2011/2012: Over 41 states introduced or passed restrictive voting laws that can disenfranchise an estimated 5 million minority, low-income, college age and senior voters. 2013: The SCOTUS Shelby v. Holder decision removes the Section 5 pre-clearance provision of the 1965 VRA. Over thirty states immediately begin to enact suppressive voter ID & registration requirements and severe polling place access reductions. Complex, race-based, redistricting (gerrymandering) tactics escalate. 2016/2017: Several regressive state legislative actions are overturned. 2018: Legal challenges continue.
2002: The Help America Vote Act passes in response to the disputed 2000 presidential election. Voting reforms require states to comply with several mandates, including improved voter access, clear voter ID requirements and voter registration processes, improved voter education, voting equipment upgrades, comprehensive poll training, etc.
2001: In their final report, the National Commission On Federal Election Reforms recommends that all states allow felons to regain their right to vote after completing their sentences. States respond with inconsistent laws, with some states making it more difficult for felons to regain their voting rights.
1990: The Americans With Disabilities Act requires accommodation of disabled voters. 1993: The National Voters Registration Act, also known as the Motor Voter Act, was designed to raise voter participation rates. It requires voter registration material to be provided at DMV's and other public agencies.
1971: After a long national debate that began in World War II and intensified during the Vietnam War, the 26th Amendment is ratified, extending the vote to citizens 18 years and older. 1975: The 1965 VRA is amended, requiring non-English language materials to be provided for "language minorities."
Five months after the national outrage caused by "Bloody Sunday" in Selma, AL, the Voting Rights Act (VRA) of 1965 becomes law on August 6. Using Federal enforcement mechanisms, it bars changes that "deny or abridge the right of any citizen to vote on account of race or color." The 1970 Voting Rights Amendment bans any "literacy test."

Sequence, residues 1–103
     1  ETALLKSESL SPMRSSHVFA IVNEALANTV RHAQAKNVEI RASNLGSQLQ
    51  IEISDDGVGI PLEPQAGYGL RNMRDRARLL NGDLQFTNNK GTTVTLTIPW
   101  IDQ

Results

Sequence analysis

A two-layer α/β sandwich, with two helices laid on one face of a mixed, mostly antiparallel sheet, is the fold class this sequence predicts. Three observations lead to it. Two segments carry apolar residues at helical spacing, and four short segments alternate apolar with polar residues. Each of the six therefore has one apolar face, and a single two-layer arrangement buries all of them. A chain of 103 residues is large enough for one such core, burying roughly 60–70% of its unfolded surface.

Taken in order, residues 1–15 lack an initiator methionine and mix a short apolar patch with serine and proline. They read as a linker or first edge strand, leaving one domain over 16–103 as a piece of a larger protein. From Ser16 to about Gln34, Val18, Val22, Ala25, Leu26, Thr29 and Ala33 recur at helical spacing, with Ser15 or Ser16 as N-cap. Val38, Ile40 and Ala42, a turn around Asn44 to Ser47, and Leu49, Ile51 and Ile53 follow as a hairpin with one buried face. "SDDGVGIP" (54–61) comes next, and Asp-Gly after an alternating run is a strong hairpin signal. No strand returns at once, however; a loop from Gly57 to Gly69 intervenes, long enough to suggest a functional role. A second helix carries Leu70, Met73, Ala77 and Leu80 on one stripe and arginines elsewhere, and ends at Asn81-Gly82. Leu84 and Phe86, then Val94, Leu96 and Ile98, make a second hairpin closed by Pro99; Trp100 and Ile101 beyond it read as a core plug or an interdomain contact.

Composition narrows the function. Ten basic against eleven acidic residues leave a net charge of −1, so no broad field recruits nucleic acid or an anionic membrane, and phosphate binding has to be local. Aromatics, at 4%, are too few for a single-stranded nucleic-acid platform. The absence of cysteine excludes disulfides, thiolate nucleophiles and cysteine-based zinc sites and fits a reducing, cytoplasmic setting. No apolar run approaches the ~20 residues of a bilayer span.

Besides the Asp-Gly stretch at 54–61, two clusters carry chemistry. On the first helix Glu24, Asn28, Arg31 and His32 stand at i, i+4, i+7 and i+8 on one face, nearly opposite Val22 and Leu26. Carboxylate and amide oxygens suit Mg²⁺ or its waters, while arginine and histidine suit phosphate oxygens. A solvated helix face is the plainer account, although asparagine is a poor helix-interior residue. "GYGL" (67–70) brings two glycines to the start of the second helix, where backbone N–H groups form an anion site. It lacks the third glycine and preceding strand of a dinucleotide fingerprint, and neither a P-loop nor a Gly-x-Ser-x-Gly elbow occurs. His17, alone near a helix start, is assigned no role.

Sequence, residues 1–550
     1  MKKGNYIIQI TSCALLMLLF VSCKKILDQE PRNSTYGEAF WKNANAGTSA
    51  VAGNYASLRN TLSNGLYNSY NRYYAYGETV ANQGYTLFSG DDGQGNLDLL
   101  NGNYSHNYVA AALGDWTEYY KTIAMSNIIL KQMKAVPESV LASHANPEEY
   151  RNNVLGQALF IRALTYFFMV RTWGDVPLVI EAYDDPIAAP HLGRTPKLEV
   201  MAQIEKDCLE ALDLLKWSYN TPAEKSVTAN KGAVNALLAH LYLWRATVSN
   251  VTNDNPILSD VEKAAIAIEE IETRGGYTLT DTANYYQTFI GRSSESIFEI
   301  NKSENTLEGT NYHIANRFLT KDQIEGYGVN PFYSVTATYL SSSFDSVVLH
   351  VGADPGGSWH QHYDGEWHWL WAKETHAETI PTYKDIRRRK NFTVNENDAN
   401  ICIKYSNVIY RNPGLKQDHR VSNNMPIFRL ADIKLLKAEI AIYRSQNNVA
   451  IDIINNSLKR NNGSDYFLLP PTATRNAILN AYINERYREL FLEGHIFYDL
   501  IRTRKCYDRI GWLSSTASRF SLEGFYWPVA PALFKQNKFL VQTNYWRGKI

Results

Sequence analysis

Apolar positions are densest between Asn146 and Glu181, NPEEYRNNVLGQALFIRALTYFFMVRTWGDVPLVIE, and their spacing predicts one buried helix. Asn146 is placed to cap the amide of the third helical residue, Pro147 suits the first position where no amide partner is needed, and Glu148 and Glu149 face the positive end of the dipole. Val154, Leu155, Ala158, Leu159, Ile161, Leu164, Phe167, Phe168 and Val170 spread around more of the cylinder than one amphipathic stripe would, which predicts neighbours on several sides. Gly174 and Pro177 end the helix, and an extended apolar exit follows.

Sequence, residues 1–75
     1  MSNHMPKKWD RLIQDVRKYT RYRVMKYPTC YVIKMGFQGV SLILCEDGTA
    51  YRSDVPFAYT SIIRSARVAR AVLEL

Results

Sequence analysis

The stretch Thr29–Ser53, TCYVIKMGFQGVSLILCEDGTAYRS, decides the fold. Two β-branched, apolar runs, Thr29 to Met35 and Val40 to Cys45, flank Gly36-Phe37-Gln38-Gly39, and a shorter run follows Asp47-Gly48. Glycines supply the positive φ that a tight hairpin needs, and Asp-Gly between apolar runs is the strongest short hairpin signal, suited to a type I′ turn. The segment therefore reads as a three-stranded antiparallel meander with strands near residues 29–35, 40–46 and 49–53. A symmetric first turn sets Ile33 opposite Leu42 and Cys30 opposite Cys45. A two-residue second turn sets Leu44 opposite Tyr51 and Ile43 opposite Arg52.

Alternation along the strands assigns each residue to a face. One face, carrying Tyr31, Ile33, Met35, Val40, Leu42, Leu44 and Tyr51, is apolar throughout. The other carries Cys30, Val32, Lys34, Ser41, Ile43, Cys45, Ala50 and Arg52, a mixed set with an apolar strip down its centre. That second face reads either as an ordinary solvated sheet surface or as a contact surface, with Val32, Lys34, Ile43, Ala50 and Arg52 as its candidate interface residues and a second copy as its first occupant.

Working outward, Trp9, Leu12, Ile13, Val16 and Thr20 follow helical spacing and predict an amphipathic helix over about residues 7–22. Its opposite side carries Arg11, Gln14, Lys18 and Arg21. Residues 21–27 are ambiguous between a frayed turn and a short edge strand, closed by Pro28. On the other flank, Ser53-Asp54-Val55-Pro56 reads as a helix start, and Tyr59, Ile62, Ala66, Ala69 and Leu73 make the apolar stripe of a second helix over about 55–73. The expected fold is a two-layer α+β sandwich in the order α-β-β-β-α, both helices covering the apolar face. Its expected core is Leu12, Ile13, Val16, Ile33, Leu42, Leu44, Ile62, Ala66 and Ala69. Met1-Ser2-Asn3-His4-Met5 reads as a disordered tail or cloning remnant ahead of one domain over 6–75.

1964: After eight months of bitter and contentious debate in Congress, the Civil Rights Act becomes law. It outlaws most forms of discrimination based on race, color, religion, sex, or national origin. It also prohibits racial segregation and outlaws unequal application of voter registration requirements. The 24th Amendment is ratified, prohibiting states from denying the right to vote for failure to pay any poll tax.
In the face of fierce resistance, the grassroots effort to register African-Americans intensifies. Hundreds of volunteers of all races join the "Mississippi Freedom Summer" voting rights campaign. Ku Klux Klan members murder young volunteers James Chaney, Andrew Goodman and Michael Schwerner in Neshoba County.
The McCarran Act of 1952 removes all racial restrictions of the 1790 Naturalization Law. The Civil Rights Act of 1957 prohibits intimidation, coercion and other forms of interference against persons in Federal elections.
1944: The U.S. Supreme Court rules that all-white primaries are unconstitutional (Smith v Allright). Plaintiff's counsel is NAACP LDF's Thurgood Marshall. 1945: WWII black GI's return to the U.S. after fighting to help preserve freedom in other countries. They immediately become a powerful voice in the freedom struggle for civil rights and voting rights in their own country.
1942: Due to the strategic importance of the Philippines in World War II, Filipinos in the U.S. and the Philippines are granted citizenship. 1943: The Chinese Exclusion Act of 1882 is repealed. 1946: WWII ends (1945) and the U.S. Government revokes Filipino citizenship under the 1946 Rescission Act.
The U.S. Supreme Court denies Asian-Americans (1922) and Asian Indians (1924) a path to citizenship -- and the vote -- based on race. The Indian Citizenship Act of 1924 grants citizenship to all Native-Americans born in the United States.
After decades of struggle and 42 years after the Woman's Suffrage Amendment was introduced in 1878, the 19th Amendment is finally ratified. It extends the vote to women on the same basis as men. However, Native-American, Mexican-American and African-American women (and men) were still subject to voter suppression tactics; and Chinese women (and men) would not be allowed to vote for another 33 years.